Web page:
It took six awful starts for Dan Haren to admit to pitching through a back injury and upon being placed on the disabled list yesterday the Angels right-hander revealed that he’s been dealing with lower back soreness for most of the season.
Haren also told Mark Saxon of ESPN Los Angeles that trying to keep alive his streak of never missing a start and never needing a DL stint played a role in his trying to pitch through the injury, saying:
I think I was doing a disservice to the team by going out there at less than a hundred percent and trying to win ballgames. So I went and talked to Sosh, and I said basically, rather than making 16 more starts not being a hundred percent, I’d rather make 14 starts at a hundred percent. If I was pitching for a team in last place, I’d probably just finish off the year like this and get it taken care of at the end. But I think my last 14 starts or so are going to mean a lot to this team, and hopefully I can make a few more in October as well.
That’s the best-case scenario, of course, because there’s certainly no guarantee that a couple weeks off will cure Haren considering he estimated that the injury left him pitching at around 70 percent effectiveness recently.
Through the end of May he had a 3.52 ERA and 66/14 K/BB ratio in 72 innings, but after June 1 he allowed 29 runs, including nine homers, in 32 innings as his overall ERA ballooned to 4.86.
Free agent right-hander Tim Lincecum isn’t ready to hang up his cleats just yet. At least, that’s the word from Lincecum’s agent, Rick Thurman, who says the 32-year-old is still “throwing and getting ready for the season” (via Andrew Baggarly of the San Jose Mercury News).
Lincecum may not be ready to enter retirement, but another quote from Thurman suggests that he’ll be picky about where he pitches next. He doesn’t appear open to pitching overseas, and despite not having a contract for 2017 (or even any serious suitors), the right-hander is set on pitching in the big leagues this year. Whether or not he’s willing to take a bullpen role to do so remains to be seen.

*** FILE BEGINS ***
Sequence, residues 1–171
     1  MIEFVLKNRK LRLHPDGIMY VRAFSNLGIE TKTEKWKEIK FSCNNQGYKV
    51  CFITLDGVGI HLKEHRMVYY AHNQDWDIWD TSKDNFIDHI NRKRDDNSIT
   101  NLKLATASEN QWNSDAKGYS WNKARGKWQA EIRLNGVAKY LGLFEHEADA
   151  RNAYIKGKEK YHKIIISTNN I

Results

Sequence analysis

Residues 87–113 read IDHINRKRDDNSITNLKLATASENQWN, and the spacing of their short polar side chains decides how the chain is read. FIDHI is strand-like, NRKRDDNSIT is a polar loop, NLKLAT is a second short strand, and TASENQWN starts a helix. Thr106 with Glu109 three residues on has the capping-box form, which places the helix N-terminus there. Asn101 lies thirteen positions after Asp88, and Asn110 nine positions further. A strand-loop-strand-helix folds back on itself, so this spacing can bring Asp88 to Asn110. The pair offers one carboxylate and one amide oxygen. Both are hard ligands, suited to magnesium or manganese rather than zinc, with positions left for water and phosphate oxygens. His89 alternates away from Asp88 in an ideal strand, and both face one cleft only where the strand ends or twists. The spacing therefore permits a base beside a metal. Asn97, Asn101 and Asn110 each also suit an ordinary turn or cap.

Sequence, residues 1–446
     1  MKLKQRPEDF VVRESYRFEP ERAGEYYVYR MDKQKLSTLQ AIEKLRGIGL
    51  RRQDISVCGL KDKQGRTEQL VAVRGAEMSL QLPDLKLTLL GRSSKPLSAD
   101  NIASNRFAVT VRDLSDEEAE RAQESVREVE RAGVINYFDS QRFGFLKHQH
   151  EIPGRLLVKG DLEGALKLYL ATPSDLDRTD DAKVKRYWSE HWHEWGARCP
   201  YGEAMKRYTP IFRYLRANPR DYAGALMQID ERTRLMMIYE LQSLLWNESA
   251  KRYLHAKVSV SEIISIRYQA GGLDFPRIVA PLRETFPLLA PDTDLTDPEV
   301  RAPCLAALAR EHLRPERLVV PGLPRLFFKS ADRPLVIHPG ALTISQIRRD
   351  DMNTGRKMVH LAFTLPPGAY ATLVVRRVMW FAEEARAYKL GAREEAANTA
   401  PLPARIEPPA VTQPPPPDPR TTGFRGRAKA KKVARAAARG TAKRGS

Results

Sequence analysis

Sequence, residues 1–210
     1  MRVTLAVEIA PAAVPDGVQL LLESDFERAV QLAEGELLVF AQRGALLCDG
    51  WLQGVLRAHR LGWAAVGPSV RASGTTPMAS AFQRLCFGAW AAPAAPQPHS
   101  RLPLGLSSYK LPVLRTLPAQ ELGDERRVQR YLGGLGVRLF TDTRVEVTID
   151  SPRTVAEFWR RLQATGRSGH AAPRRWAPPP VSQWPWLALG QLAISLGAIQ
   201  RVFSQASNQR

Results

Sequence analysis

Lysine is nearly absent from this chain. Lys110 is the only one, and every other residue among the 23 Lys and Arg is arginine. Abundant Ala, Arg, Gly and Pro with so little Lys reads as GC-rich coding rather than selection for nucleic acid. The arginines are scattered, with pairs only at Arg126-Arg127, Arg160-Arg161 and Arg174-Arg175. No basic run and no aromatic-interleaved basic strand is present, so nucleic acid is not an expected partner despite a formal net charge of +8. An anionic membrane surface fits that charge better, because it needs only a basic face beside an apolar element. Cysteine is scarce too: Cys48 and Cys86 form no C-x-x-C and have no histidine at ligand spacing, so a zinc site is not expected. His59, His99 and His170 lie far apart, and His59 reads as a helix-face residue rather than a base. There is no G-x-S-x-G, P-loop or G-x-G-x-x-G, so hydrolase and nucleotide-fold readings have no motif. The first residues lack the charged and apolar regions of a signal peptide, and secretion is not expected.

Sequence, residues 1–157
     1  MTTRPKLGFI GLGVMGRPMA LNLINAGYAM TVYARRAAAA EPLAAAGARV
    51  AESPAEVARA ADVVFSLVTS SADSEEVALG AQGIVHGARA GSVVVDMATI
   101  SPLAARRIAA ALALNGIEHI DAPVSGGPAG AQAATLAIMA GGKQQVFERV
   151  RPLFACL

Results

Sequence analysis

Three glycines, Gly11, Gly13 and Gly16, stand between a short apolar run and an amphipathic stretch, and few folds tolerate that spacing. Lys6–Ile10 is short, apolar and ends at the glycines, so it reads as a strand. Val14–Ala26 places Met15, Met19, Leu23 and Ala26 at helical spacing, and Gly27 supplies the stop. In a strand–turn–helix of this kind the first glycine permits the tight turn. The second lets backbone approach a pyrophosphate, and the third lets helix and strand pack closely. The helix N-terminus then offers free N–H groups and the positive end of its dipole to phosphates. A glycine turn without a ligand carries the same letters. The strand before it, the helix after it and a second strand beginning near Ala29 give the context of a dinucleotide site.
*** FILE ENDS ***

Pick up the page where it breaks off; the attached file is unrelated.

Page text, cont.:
While Baggarly predicts some interest in the veteran righty, there’s not much in Lincecum’s recent history to inspire faith in him as a starter, or even a reliever. He picked up a one-year, $2.5 million contract with the Angels following his hip surgery in 2015, and went 2-6 in 2016 with a 9.16 ERA, 5.4 BB/9 and 7.5 SO/9 over 38 1/3 innings. At this point, a minor league contract seems like the surest path back to major league success, though he’s unlikely to find an open spot on the Giants’ or Angels’ rosters anytime soon.
Free agent right-hander Jeff Manship has reportedly signed with the NC Dinos of the Korea Baseball Organization, according to FanRag Sports’ Jon Heyman. The righty was non-tendered by the Indians in December.
Manship, 32, completed his second season with Cleveland in 2016. He delivered a 3.12 ERA, 4.6 BB/9 and 7.5 SO/9 rate over 43 1/3 innings, a slight decline after posting an 0.92 ERA with the club the year before. During eight years in the major leagues, Manship carries a 4.82 career ERA, 3.6 BB/9 and 6.4 SO/9 in multiple stints with the Twins, Rockies, Phillies and Indians.
The right-hander will be joined by fellow MLB transplants Eric Hacker and Xavier Scruggs, each of whom took one-year deals with the Dinos last month. Steve Adams of MLB Trade Rumors notes that each KBO team is allowed up to three foreign players, so Manship will round out the trio when he joins the roster. Any salary terms have yet to be disclosed.